On day number four, I walked with the eldest in the group. It took me a long time to get the courage up to speak with her, as she was the perfect French woman, make up and lipstick on, with a scarf around her neck and she smelled really nice. I was always walking behind her, you see, so I was always getting a good whiff. She hadn’t said two words to me for the first couple of days and I decided I would see what I could learn about this well-put-together-fashionista. I used all my pastoral skills to pull what I could about her life story and I listened for hours. Her life could be made into a major motion picture.
I journeyed intensely for five days with each of these pilgrims and what I discovered was that each one of these women on the journey, brought something to the road we walked on, but it was not always what I had hoped for or expected, but it was who they were.
As I listened to their stories along the way, what I discovered was this: the cracks, fragments, and shards of brokenness in their lives was what we were all trying to make sense of. Like me, they were seeking God in their own way and strongly desired restoration. Despite our theological, ethnic, language, financial, and age differences, our commonality was in our brokenness, sorrows, sadness, aches, pains, and tears. Just like the congregations we serve, whose people’s lives mingle with ours week in and week out, our commonality is in our brokenness and our faith gives us hope that Christ will restore us.
Brokenness and restoration has surrounded us this week, hasn’t it?! On Wednesday, as we were walking around the Acropolis, Mandy and I were taking pictures looking down the fenced in archeological area with all of these pieces of columns, steps, and pillars and she turned to me and said, “How do they know how all these pieces go back together?”
Like the pieces of rock at the Acropolis, laying around the outside, with visible signs of scars from long histories of war and tragedies, we too stand together, with visible and not so visible scars from our own histories. We too, long to be put back together and restored. We long for those cracks to be filled with something that will hold us. Half the time, we prefer to fill those cracks and broken places that hurt and are painful with a whole lot of other stuff. We fill ourselves with things, money, status, and power. We work at the outside, trying to make it perfect, so it looks good and we try and make it something that it isn’t. It is stuff that holds for a little bit, but then, we fall apart again. It’s like using Elmer’s glue when we need cement. The problem is that we can’t fix the brokenness ourselves; only God can do that, from the inside out.
Perhaps God is the master archeologist, who works hard to put us back together, wouldn’t you say? He knows the treasure in the clay pots that we are. He looks at us, broken, with all those visible scars from our stories and past, things that we’ve done and left undone, and says to each one of us, I love you and because I love you, my grace is sufficient for you.” God’s grace comes to us in resurrection abundance. We were reminded in the Gospel this morning when Jesus says, “I have come that they may have life, and have it abundantly.” Resurrection is new life and it is all a part of God’s love story touching our own, making us new again and again and again.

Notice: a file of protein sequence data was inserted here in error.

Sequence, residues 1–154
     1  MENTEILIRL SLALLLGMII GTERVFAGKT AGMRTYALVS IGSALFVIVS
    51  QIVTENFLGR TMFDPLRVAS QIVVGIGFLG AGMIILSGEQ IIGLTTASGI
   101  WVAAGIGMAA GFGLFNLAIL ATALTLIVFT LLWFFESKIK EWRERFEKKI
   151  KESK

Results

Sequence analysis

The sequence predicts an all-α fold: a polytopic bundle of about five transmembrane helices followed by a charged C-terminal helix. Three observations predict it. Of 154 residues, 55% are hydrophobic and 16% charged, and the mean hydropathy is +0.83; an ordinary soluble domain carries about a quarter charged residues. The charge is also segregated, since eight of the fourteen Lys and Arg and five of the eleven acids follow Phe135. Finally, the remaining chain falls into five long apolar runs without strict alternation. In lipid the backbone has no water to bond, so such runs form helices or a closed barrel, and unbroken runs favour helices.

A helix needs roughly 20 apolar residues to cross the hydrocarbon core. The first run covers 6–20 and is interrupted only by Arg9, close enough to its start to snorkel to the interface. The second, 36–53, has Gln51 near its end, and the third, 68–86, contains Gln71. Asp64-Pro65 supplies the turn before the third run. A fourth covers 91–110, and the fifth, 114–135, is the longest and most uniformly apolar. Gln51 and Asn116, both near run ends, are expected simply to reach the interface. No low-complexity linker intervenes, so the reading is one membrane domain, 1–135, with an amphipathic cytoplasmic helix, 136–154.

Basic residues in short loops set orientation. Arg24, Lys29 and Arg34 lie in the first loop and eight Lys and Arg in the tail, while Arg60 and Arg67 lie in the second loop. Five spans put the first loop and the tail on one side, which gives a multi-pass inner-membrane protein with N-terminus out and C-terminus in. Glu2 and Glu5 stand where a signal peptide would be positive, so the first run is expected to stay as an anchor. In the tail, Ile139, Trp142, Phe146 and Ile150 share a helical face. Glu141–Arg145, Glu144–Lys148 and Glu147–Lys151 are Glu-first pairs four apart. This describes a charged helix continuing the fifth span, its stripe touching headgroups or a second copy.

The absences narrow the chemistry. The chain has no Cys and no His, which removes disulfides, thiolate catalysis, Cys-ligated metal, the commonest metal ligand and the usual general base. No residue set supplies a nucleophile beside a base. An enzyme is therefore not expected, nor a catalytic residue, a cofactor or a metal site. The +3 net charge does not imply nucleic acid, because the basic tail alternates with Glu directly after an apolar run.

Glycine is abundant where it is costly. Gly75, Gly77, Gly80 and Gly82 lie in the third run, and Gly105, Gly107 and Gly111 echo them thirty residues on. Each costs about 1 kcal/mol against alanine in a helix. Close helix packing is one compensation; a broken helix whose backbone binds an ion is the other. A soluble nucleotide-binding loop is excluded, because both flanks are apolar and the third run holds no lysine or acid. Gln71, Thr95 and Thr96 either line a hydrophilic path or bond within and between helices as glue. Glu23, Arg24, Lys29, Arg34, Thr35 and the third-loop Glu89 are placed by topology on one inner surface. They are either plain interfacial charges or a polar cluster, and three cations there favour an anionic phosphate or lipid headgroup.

God’s grace is the Good News this morning. God’s grace is what fills those cracks up and gets into those broken places that hurt and are painful and restores them. God’s grace is what fills those deep, dark, cavernous spots in our lives. God’s grace is light in the darkness of the tomb. God’s grace is what meets us on the journey of life and reminds us we are not alone. The thing I love about God’s grace is that we only have to do one thing with it; receive it. It is a gift to each one of us, a free gift that we do not have to earn or be perfect for or be anything for. Like those ancient columns, steps, and pillars, is to receive the grace from the master archeologist, our God and creator. God finds the fragmented pieces, gently puts them together and slathers that grace in between as we are made whole again.
All of our stories are witnesses of brokenness and restoration in Christ. That is really the heart and soul of it all, isn’t it? We are called to share the road of life and who who we are with each other, as God’s grace leads us forward and is most definitely sufficient. In the coming two to four days, we will go back to the places and communities we live and serve in and where brokenness lies, like the columns and pillars outside the Acropolis. But the Good News is that God will use us to work alongside, encourage one another, and pour that amazing grace into a world that desperately longs to be put back together. God’s grace is most definitely sufficient.
Copyright © 2018 by Emily Rova-Hegener. All rights reserved.